As part of the fundraising and awareness work I do for the Sheffield Group of Diabetes UK I asked my daughter's primary school whether they'd be interested in getting all the kids to wear blue and make a donation for World Diabetes Day last month.
Each term the school has a "mindset" which they use to promote positive behaviour to children through a variety of different ways. This term's mindset is resilience. So whilst they'd already got Children in Need plans on that Friday, they asked me if I'd like to come in to an assembly and talk about how resilience is important when you have diabetes.
Now over the years, I've become pretty handy at talking about diabetes within my peer group, and especially when talking to other people with diabetes. But talking to 200 odd children is a different proposition. Most of the time, I'm using words and phrases like 'bolus', 'carb counting', 'peer support', 'care outcomes', 'HbA1c' and many others. These are things you say when you've become used to the diabetes lingo that is common place for many of us.
So how do you talk about diabetes to a large group with no prior understanding, and an age range of 4 to 11... The answer is probably "I don't know", but that makes for a short blog. So here's (roughly) what I said - you'll note some scientific license has been applied to a few parts. That's not ignorance on my part, but a necessary modification for my audience.
Hopefully they found it useful in some way...
I'm going to talk about three things this morning. Firstly I'm going to tell you a bit about what diabetes is. Then I'll tell you what I think of when I hear the word 'resilience' and lastly, I'll talk about why resilience is important to diabetes.
So what is diabetes? Well it's a special kind of illness that you have all the time, but you can't see. And once you've got it, you have it forever, because there isn't a cure for it. But it's not something you can catch off another person, so there's no need to worry about that.
When you all have something to eat, your bodies produce something called insulin inside. That helps all the energy from your food get out of your blood and into your muscles so you can play at lunch time, and do your school work.
If you have Type 1 diabetes like me, then your body doesn't produce any insulin at all and so you have to inject it yourself. And that's what I have to do. Normally, you'd give yourself an injection every time you eat something, plus an extra one in the morning, and an extra one before bed. So you could have to give yourself 5 or 6 injections each day.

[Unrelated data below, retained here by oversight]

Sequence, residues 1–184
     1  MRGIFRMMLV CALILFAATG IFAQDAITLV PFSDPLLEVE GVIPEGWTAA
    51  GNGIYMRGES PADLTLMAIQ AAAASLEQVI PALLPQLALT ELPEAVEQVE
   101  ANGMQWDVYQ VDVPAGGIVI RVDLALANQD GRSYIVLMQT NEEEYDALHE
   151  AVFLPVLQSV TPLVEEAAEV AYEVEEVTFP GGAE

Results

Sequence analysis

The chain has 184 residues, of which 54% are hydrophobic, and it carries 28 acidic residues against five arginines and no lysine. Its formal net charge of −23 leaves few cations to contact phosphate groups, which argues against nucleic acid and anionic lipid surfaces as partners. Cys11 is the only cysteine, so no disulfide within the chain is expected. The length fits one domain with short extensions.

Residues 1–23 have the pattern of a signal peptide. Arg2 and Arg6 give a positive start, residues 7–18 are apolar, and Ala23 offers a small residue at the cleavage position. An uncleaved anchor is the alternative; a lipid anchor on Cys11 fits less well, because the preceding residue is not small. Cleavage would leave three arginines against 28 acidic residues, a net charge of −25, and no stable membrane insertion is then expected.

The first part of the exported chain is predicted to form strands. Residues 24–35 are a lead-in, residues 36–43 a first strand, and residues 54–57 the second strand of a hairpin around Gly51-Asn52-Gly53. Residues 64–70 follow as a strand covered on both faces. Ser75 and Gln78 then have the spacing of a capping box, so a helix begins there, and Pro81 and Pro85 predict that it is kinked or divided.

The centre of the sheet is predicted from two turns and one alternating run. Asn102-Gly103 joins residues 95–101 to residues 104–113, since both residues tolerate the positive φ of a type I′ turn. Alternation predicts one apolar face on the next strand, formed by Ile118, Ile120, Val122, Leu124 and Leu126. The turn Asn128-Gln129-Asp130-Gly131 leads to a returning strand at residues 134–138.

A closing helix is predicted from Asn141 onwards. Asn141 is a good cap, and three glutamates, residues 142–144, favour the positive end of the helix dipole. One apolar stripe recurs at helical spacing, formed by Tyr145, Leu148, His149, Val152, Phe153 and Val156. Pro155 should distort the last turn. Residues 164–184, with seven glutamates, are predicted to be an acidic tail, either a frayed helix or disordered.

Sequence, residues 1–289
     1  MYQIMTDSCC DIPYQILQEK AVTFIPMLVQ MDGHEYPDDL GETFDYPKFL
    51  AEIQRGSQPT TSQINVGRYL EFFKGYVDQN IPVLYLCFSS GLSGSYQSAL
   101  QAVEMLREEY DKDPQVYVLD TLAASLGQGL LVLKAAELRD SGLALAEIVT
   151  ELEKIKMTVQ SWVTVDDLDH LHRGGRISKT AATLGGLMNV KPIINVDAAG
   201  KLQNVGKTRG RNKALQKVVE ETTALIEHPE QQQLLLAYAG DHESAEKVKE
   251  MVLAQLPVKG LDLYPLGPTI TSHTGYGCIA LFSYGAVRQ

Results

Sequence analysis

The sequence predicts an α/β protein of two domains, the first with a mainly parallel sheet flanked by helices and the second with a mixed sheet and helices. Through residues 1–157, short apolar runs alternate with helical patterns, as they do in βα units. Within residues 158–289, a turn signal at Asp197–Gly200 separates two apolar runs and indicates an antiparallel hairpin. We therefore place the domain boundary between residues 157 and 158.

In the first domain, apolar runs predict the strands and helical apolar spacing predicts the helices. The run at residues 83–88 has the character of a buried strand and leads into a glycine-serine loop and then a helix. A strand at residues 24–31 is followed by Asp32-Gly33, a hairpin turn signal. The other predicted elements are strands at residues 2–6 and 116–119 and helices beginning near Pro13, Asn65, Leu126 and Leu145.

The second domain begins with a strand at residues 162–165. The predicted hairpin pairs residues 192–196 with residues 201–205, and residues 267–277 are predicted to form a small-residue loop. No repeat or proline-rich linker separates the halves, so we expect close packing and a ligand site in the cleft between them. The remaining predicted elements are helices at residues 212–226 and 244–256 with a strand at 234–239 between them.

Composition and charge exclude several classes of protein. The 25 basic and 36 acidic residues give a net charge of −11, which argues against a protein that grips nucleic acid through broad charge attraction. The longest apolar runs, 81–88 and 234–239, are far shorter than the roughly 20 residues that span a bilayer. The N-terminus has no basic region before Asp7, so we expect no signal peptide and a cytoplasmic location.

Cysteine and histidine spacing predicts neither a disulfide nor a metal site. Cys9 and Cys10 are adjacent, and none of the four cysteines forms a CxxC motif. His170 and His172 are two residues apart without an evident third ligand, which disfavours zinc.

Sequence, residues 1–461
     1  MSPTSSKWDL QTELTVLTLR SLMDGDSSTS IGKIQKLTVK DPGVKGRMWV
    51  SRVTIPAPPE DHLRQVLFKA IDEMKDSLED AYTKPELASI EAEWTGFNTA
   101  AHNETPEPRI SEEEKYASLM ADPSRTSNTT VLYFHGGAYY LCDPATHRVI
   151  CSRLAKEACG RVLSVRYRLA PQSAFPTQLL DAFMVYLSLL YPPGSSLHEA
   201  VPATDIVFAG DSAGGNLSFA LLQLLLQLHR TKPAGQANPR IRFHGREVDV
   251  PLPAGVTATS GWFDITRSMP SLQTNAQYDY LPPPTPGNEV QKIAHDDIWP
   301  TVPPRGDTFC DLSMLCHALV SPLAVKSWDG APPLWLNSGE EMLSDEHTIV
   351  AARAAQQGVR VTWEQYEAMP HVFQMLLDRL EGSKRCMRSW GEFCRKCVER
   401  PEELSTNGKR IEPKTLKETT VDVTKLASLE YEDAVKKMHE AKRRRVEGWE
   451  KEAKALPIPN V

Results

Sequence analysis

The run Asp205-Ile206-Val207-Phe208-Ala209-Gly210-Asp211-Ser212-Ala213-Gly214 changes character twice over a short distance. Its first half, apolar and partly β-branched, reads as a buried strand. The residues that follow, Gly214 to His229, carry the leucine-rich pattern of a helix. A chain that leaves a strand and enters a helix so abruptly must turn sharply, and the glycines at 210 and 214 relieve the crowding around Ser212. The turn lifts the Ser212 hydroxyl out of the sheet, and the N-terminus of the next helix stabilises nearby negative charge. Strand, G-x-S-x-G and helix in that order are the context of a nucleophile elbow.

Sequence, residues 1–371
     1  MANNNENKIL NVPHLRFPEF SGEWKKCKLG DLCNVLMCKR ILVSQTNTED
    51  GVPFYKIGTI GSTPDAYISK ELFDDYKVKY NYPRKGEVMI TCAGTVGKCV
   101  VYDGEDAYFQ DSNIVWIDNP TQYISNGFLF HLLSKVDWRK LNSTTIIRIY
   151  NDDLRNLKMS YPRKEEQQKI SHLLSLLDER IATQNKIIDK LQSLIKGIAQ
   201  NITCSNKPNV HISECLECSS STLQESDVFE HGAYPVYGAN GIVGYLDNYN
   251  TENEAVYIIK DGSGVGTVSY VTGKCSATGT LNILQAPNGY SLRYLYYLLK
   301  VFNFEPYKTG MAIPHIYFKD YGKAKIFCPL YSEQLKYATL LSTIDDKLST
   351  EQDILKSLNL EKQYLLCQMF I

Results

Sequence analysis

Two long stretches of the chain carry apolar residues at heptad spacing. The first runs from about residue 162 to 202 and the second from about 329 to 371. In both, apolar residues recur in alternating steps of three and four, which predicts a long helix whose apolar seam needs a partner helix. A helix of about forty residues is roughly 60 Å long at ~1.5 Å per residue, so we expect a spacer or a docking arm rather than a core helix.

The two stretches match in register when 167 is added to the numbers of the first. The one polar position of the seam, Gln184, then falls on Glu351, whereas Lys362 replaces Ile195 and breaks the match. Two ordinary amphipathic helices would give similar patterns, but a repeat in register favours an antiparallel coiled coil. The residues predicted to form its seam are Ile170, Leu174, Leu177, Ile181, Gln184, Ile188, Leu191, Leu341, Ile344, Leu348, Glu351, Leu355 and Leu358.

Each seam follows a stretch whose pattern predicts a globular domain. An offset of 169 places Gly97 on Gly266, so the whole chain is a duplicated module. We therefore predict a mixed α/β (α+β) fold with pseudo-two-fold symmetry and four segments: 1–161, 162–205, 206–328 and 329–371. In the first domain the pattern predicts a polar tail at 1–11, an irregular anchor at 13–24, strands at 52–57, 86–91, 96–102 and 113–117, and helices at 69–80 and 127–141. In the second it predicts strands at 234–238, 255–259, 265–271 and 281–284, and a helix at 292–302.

You also have to give yourself little blood tests each day. You get a little drop of blood from your finger and test it with a special machine that tells you if you've had the right amount of insulin.
There's also a different kind of diabetes called Type 2 diabetes. People with Type 2 diabetes don't have to inject themselves, but usually do have to take a different kind of medicine every day in some little tablets.
When you have diabetes, it's really important to eat healthily. It's OK to have treats like cake or chocolate sometimes, but it's important to make sure you have lots of fruit and vegetables every day.
Now I'd like to tell you what I think of when I hear the word 'resilience'. I often think it's about how you cope with change. Being resilient means that you have to learn to do things differently, keep going and not give up. It can also mean having to do things when you don't think you can. And that's why when you have diabetes, being resilient is really important.
When you get diabetes, you have to learn to do things differently. Before, you might have gone out and have something to eat with your friends. But when you have diabetes you have to remember to take your insulin with you, and your special machine you use for your blood tests. You also have to think more carefully about what you eat and how much insulin you have to inject.
You have to keep going and not give up. Even if you're finding it difficult to keep injecting yourself, you have to be resilient and keep going. If you don't inject yourself, you could get very poorly very quickly, and so that mindset of resilience in important.
And you have to do things even when you think you can't. Sometimes, you don't want to get a drop of blood from your finger because you know it's going to hurt. But you do it anyway because it's important you do the test to know how much insulin to have.
It isn't always easy having diabetes, but being resilient helps a lot.